Americans Eating Less Fast Food, Staying Home

A new CDC study shows fast food continues to decline as a percent of American diets. Fast food represented 11% of daily caloric intake in 2010, the year the most recent data covers, down significantly versus the almost 13% it represented in 2006.  Fast food includes hamburgers, pizza, french fries, and tacos — food that can be purchased quickly and is available for takeout at neighborhood restaurants.

Fast food’s popularity may be down because of the economy. According to Harry Balzer of the market research firm, NPD, this drop “is mostly due to money because we never let our overall food costs rise faster than our incomes, and our incomes have been under pressure, so we ate more meals at home. The actual cost of a restaurant meal is three times the cost of an in-home meal.”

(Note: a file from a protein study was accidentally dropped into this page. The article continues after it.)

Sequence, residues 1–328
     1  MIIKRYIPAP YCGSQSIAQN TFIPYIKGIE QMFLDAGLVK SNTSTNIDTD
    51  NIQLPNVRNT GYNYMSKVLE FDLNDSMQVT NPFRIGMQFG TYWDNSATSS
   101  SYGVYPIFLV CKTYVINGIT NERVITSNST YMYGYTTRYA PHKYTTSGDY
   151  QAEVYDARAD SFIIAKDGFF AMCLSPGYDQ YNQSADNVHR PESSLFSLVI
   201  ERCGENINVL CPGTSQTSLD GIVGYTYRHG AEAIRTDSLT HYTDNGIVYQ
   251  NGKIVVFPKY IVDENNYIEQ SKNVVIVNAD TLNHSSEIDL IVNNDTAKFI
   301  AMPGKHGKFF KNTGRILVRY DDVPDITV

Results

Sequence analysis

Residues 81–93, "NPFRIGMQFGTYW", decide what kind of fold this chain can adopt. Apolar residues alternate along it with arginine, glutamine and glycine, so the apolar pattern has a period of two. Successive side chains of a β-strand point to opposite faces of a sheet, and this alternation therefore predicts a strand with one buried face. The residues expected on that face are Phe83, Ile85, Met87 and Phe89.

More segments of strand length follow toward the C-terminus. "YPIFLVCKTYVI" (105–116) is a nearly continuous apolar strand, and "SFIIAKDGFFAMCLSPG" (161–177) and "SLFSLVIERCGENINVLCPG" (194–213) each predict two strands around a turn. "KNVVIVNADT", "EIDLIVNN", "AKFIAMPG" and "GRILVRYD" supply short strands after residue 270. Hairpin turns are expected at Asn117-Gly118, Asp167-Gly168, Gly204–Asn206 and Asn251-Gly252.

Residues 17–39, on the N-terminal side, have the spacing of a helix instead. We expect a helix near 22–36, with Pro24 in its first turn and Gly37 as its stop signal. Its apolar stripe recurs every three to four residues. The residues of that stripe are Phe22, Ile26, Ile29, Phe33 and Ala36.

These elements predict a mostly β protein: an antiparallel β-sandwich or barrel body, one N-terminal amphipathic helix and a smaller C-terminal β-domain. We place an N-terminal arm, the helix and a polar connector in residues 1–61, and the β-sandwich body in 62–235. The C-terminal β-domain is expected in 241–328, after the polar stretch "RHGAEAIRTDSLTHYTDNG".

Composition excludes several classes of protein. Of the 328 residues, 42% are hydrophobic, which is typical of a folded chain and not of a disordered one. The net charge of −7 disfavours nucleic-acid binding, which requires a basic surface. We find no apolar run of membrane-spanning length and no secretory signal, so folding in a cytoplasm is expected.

How much fast food you consume depends on your gender, as well as your age. As a percent of total daily intake men consume 11.8% vs 10.9% for women. Fast food consumption declines with age, making up only 6% of total daily calories of people 60 and older vs 10.5% for people 40-59 and 15.3% for people 20-39. It also declines with weight, making up only 9.6% of total daily calories for people of a normal weight vs 11% for people 1-34 pounds over a normal weight and 13% for people 35 pounds or more over a normal weight.

Click here to read more in USA Today and here to read the study from CDC.

Oldest Operating McDonalds, image © Bryan Hong / Wikimedia

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